The allure of Joel and Ethan Cohen’s films elude me. To me, they are akin to Steven Spielberg, but for “clever” people. Their 2016 homage to big studio Hollywood, Hail, Caesar!, marries the well worn detective story with William Beaudine’s underrated Make Me A Star (1932) with mixed results. The framing narrative focusing on Josh Brolin’s Eddie Mannix reprises the Cohen Brothers’ interests in noble masculinity. This framing narrative links together a series of pastiches that, each on its own, is entertaining. Yet, somehow, the sum of all of these parts working together is a detriment to the film overall, not a strength.
Like so many of the Cohens’ films Hail, Caesar! is overwritten. There are too many supporting characters, there’s a needless voice over narration, and little to no depth afforded the primary characters in the story: Eddie Mannix, Baird Whitlock (George Clooney), Hobie Doyle (Alden Ehrenreich), and Burt Gurney (Channing Tatum). The aesthetic of the film suggests that in the writing of the picture the Cohens were lost somewhere between Kenneth Anger’s Hollywood Babylon and RKO serials.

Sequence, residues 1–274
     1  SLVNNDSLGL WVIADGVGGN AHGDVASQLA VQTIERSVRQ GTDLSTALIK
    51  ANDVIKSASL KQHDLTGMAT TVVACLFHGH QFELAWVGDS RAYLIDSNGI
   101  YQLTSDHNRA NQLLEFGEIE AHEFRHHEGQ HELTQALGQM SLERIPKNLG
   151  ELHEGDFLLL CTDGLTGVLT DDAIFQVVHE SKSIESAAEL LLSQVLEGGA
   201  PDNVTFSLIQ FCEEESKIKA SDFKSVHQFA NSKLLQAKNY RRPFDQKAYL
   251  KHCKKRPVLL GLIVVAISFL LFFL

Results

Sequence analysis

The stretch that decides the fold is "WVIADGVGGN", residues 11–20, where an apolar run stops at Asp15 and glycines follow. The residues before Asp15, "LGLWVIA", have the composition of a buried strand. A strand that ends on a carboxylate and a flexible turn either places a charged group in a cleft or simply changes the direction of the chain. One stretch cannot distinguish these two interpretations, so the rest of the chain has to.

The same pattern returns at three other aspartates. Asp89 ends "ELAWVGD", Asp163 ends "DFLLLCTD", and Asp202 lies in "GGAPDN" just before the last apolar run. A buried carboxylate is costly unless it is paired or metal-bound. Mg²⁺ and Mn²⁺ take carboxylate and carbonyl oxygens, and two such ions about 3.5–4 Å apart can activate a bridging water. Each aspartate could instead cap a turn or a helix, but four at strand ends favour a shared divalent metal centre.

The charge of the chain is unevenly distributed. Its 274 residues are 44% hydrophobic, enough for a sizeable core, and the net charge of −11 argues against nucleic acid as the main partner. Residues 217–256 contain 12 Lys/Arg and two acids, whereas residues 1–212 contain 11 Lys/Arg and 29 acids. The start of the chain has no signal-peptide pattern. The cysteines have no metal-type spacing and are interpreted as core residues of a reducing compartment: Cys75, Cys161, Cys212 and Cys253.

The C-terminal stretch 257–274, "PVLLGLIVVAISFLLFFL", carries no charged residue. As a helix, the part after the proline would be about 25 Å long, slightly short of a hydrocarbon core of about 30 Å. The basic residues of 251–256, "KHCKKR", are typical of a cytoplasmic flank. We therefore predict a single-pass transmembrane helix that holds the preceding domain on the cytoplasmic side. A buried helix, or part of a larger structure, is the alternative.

The two best moments of Hail, Caesar! come in the form of the loosely connected pastiches. First there is Scarlett Johansson in a send-up of the Esther Williams MGM musical comedy. This kind of a film hasn’t existed since the fifties which gives the water ballet sequence an air of excitement (at least for this viewer). Johansson’s DeeAnna Moran is a stark contrast to her “million dollar mermaid” persona that really taps into the spirit of Esther Williams’ memoir. This scene left me wishing that there were a string of Scarlett Johansson water ballet musicals out there.
The second pastiche also riffs off of the MGM musical. This time the Cohens set their sights on the “sailor on leave” premise, bringing to the fore all of the homoerotic subtext inherent in those films. Tatum, like Johansson, steals the viewer’s attention from the wider narrative and leaves them wanting more of “No Dames”.
The Cohens always seem to have good or interesting concepts in their films that never seem to be fully realized or to escape certain genre cliche. One can’t help but wonder if the Cohen Brothers had been watching a lot of Robert Altman when they first had the idea for Hail, Caesar!.